Axel Barrett Feedstock

The History of Elephant Grass Bioplastics

Using elephant grass or miscanthus to make bioplastics is not new. Elephant grass was going to revolutionise bioplastics, but it didn't. What happened?

Miscanthus vs Elephant Grass

Miscanthus is often called “Elephant Grass” and often confused with the African grass Pennisetum purpureum known by the same name. Miscanthus is also considered to be a biofuel crop because it grows rapidly, has a low mineral content and a high biomass yield.

Historical Context

The automotive industry played an important role in the development of bioplastics. Henry Ford was the first to use bioplastics made from soybeans in the automotive sector.

At the end of the 20th century, disposed cars represented between 8 and 9 million tonnes of waste in the EU. The EU End-of-Life Vehicles Directives (2000/53/EC) imposed financial responsibility on European manufacturers for the end of life of their vehicles so the industry looked for materials that would biodegrade easier and reduce the end-of-life cost.

Elephant grass was already used in industrial applications as it was burnt in power plants as a source of bioenergy. Elephant Grass has a few advantages. It grows without pesticides and fertilisers. The stems can be fermented and distilled, and it requires less drying than other plants. It absorbs a lot of carbon when it grows and it produces 8 tons of biomass per acre.

elephant grass bioplastics
Elephant Grass

Elephant Grass Bioplastics

University of Lincoln (UK) researcher, Nick Tucker, was the first to use elephant grass in the production of bioplastic articles in 2001.

Bical Miscanthus Ltd was promoting the use of elephant grass including de-dusted horse bedding. The dust and fibre co-product was mixed by Nick Tucker with either Biopol (bioplastics owned by Monsanto at that time) or polypropylene to make the first elephant grass polymer composites. The maximum ratio reached was about 15% elephant grass.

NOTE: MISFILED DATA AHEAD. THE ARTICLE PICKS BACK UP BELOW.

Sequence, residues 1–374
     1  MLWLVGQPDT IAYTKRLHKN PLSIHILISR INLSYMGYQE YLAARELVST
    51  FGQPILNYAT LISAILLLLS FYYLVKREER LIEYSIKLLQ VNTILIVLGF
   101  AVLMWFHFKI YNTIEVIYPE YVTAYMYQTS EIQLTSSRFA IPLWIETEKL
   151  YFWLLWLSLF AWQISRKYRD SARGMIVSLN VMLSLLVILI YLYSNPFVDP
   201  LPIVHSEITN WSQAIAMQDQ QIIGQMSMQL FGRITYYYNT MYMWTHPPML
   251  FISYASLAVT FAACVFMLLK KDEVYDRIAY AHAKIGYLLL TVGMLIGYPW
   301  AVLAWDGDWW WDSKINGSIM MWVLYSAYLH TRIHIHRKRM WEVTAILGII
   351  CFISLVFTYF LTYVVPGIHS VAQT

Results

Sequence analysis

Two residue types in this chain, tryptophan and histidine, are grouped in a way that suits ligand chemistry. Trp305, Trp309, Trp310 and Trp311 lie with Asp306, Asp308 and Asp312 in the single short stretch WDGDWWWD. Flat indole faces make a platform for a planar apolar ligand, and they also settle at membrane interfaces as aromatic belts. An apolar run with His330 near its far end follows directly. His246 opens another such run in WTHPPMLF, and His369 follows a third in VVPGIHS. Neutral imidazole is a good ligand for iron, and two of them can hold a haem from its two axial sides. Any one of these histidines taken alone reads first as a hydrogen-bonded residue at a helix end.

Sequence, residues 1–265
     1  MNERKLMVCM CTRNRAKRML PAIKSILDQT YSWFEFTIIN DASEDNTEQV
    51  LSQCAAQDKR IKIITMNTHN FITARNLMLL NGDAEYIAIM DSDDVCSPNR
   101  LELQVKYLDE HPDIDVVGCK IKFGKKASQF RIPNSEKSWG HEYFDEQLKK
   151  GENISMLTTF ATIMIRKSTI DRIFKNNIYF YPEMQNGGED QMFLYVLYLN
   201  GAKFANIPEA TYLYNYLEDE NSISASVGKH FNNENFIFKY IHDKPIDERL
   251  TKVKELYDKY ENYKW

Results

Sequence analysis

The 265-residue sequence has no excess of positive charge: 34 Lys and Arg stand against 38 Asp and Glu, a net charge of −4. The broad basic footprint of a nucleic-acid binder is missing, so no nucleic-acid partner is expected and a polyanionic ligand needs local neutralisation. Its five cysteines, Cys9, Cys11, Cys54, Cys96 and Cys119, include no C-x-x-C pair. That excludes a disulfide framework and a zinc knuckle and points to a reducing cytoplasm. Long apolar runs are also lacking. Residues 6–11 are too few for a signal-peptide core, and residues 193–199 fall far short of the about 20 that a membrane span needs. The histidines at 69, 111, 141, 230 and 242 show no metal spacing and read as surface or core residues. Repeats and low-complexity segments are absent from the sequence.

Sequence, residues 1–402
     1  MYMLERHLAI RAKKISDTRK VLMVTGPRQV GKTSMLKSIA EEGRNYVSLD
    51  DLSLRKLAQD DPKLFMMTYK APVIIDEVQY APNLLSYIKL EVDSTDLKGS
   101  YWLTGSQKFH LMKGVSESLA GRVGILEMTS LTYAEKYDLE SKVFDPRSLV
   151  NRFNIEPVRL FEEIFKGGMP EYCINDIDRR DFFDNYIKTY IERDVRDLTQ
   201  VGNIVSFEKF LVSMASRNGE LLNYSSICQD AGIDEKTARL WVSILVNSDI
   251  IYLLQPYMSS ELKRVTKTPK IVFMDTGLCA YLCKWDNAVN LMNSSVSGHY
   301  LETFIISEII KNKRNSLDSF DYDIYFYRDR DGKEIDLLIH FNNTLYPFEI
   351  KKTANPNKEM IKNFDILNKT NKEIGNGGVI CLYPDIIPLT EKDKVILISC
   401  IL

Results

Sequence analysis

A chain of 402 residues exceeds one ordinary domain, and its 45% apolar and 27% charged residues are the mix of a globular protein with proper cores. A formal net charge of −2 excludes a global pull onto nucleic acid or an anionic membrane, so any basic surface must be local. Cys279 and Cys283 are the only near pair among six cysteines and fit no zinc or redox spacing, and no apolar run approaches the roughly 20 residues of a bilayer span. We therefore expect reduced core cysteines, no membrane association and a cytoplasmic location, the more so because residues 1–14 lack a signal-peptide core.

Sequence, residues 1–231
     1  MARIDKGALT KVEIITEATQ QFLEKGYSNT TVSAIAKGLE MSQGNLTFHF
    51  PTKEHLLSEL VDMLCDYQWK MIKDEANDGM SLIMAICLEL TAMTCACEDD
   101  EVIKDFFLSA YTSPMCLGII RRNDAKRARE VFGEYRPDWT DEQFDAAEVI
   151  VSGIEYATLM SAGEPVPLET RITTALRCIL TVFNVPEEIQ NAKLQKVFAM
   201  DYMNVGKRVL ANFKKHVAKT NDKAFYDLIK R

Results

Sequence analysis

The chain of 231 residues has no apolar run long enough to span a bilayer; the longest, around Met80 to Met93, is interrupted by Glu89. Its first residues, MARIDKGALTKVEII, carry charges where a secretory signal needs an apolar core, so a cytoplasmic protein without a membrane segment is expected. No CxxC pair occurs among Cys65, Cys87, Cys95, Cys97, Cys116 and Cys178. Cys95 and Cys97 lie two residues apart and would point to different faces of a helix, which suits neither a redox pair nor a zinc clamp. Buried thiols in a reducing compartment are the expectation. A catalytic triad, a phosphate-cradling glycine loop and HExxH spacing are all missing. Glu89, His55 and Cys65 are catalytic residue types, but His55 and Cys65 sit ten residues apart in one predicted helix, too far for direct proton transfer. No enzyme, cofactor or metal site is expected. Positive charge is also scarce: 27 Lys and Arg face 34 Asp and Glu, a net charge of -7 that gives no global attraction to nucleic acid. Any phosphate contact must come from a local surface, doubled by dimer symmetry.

The advantages of elephant grass dust were low cost and already being dry enough for thermoplastic injection moulding. The moulded products were lighter and stronger than the plastic-only equivalents. Using biopolymers, the biodegradability was not compromised.

The case study component was a car wheel trim. Forty units were made but the product was never commercialised. A group of Austin Maxi owners tried to convince Mr. Tucker to produce some extra wheel trims, but nobody else came forward to use the material for serious commercial production.


The word bioplastics hadn’t been invented when Tucker and his team came up with Miscanthus bioplastics. They referred to it as ‘biodegradable plastics’. It broke down in presence of high concentrated levels of bacteria. The word biodegradable was invented in 1962.

Why was there no breakthrough?

There were several reasons: it was not a patentable concept, there were no end-clients interested and Miscanthus wasn’t the most efficient feedstock to produce bioplastics.

elephant grass bioplastics
Corbion Whitepaper on Feedstock Sourcing
elephant grass bioplastcs
Corbion Whitepaper on Feedstock Sourcing

Sugar-based feedstocks (sugar cane and sugar beet) are the most efficient and sustainable crops. R&D and new production processes may have an impact on crop efficiency in the future.

The proximity and availability of a feedstock also plays a role. EU grows more sugar beet than Miscanthus. The EU is the world’s leading producer of beet sugar, with around 50% of the total. However, beet sugar represents only 20% of the world’s sugar production; the other 80% is produced from sugar cane. The largest sugar cane producers in 2016 were Brazil (40,7%), India (18,4%), China (6.5%) and Thailand (4,6%).

However, sugar beets never made it to the bioplastics scene. The EU CAP had a devastating impact on the sugar industry and a polemic appeared that the industrial use of sugar-based feedstock (first generation feedstock) increased the price of food crops. This polemic gave rise to the second generation feedstock.

Present Day

A dutch firm called NNRGY started the project of growing elephant grass in the Netherlands in 2013. In the meantime, they developed a biodegradable and compostable bioplastic called Vibers. It’s made from elephant grass and potato waste. Vibers is used in several applications such as consumer goods, packaging and concrete. The future will tell us if Vibers becomes a commercial success.


  • Special thanks to Dr. Nick Tucker (University of Lincoln, School of Engineering) for his pioneering work and contribution to this article.